A Comedy of Honour. By Nora Vynne. (Ward, Lock, and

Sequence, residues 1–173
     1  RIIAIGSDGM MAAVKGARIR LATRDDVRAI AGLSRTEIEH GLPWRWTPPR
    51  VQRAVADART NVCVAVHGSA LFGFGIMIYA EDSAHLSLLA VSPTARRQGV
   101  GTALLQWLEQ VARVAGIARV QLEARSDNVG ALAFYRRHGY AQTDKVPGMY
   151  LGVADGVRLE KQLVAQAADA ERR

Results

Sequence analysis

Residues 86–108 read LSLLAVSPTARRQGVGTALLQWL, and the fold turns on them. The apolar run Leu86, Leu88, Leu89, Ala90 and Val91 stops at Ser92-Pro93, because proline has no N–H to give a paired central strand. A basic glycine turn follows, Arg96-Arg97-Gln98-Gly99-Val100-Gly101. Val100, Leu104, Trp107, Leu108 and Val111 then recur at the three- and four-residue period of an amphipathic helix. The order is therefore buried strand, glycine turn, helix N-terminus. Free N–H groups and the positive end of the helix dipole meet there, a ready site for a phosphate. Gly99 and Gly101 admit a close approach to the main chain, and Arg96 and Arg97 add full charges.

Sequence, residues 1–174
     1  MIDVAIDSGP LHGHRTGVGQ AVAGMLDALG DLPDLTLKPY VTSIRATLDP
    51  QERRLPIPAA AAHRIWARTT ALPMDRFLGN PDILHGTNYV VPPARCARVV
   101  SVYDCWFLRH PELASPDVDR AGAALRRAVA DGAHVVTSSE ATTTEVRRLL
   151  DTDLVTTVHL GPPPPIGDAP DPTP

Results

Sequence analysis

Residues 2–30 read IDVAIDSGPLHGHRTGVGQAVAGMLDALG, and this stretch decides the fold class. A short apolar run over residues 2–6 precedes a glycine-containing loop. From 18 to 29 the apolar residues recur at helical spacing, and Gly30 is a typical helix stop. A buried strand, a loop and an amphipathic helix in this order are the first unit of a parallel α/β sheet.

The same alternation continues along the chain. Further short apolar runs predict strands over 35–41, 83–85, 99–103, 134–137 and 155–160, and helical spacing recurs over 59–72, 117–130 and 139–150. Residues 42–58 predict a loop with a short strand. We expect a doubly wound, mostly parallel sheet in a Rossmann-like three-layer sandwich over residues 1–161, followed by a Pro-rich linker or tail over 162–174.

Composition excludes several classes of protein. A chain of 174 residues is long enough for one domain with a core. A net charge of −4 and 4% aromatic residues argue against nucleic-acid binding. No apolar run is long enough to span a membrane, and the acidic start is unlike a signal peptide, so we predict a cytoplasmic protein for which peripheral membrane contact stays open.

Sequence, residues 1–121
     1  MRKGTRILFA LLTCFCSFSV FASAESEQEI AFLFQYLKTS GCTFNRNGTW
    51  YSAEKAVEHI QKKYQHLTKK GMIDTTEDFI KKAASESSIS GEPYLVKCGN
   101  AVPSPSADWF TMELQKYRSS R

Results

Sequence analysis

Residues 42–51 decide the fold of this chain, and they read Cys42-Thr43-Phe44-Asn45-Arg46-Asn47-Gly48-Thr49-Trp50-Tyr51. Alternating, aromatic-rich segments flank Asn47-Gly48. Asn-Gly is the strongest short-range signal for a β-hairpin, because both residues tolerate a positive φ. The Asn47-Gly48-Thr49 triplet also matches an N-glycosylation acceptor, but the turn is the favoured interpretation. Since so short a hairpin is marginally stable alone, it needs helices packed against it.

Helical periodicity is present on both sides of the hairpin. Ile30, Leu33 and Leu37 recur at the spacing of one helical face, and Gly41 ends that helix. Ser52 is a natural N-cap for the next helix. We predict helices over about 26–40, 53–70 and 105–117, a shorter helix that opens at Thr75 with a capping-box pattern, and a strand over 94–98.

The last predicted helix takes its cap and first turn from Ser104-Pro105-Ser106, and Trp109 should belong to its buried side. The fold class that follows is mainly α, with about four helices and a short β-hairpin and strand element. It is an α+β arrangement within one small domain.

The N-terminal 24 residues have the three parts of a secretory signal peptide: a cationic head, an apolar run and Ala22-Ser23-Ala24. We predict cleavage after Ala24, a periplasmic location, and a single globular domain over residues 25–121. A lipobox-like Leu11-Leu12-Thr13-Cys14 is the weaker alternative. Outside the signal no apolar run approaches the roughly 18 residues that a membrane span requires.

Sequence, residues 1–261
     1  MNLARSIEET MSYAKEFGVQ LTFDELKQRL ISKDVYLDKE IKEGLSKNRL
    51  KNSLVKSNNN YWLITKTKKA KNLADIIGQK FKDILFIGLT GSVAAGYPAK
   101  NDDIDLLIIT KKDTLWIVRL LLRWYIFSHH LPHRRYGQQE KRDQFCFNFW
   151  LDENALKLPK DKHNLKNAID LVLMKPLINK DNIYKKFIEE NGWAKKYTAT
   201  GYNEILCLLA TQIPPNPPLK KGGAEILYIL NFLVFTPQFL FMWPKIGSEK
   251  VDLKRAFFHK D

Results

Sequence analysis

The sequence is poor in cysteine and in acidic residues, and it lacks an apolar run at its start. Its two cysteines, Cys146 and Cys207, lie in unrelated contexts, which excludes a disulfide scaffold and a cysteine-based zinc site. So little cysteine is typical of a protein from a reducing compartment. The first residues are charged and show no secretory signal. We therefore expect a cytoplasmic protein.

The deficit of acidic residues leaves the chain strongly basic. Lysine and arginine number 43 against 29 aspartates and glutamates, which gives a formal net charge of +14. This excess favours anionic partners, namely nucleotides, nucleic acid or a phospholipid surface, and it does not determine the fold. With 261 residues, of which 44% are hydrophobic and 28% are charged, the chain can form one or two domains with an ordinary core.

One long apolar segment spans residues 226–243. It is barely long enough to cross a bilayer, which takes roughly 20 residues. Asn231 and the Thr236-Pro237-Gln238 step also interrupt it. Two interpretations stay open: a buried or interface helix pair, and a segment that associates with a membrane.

Co.) —The heroine in A Comedy of Honour steals her friend Nellie's lover—one Sarney—unconsciously, and thereupon suffers agonies of remorse, nor does she hesitate to tell her lover (and her own fiancé too) what she thinks of herself and him. Sarney unwillingly bows to her decision, hastens on his marriage, and prepares for unhappiness, but both coming to the sensible conclusion that they cannot give each other up, they go to acquaint Nellie, whom they find has suddenly married the other man Payne. Some of the situations are good, nor are the various arguments wonting in tone sod gone, but the ooncluaion little farcical. Lois Brazil's high sense of honour and remorse are welt expressed, and her lover, of a calmer nature but equally high principle, makes a good foil. Neither of them seem to us grateful enough for Fayne's presence of mind in marrying Nellie. ft ut no one expects sense in these stories, and this particular one turns on a, question of honour that no two people would answer alike.